Paint me a picture of your ideal work environment. Do you ever use coworking spaces, or do you prefer home comforts when working?

I have to admit that I am totally reliant on my 3-screen set up at home. I am in the privileged position of having a techie husband who has thought of everything and made sure I have all the kit I could ever need in my line of work. Having said that, I am on the committee for the North West Translators’ Network in the UK and I really enjoy joining coworking sessions whenever I can manage. I have to admit that I don’t get that much work done though - we’re often more focussed on the social and networking aspects of coworking (or maybe I’m just a chatterbox after spending so much time working from home!).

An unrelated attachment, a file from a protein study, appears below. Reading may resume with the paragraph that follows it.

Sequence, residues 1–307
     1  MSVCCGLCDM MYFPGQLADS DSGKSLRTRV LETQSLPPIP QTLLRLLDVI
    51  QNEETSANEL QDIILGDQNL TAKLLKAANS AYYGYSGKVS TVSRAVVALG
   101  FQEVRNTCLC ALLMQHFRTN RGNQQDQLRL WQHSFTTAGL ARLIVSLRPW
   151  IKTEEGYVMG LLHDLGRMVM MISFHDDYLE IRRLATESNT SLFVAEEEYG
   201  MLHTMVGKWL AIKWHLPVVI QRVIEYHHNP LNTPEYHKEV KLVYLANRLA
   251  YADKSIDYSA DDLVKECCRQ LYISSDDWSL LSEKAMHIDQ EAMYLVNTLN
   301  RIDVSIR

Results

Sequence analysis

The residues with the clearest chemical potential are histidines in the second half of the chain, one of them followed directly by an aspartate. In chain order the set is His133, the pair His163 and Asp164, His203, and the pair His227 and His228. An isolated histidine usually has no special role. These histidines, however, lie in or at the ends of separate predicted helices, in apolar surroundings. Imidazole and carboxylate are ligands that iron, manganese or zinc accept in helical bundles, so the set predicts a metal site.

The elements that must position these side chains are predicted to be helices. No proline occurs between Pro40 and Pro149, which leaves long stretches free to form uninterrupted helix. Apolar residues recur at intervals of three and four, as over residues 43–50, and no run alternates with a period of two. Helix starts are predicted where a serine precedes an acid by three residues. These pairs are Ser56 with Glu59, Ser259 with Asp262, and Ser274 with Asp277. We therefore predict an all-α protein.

Give us one thing you love and one thing you’d change about freelancing.

I love being able to control who I work with and which projects I devote time to. I have more influence than ever on the things that matter to me, such as sustainability and the environment. Knowing I am making a difference makes it all worth it.

There’s not much I would change about freelancing, if I’m honest. Given my background in marketing and business, I don’t actually mind the fact that I am also responsible for all the financial, business and marketing aspects of my business. I’m a bit of a geek in that respect. But maybe the fact that there is no-one who really can tell you if you’re doing a good job or not. In a structured organisation, it is usually quite easy to get feedback and understand if you’re progressing in the right direction. As the owner of my own business, I do sometimes miss that reassuring hand on your shoulder or fist pump when something goes particularly well.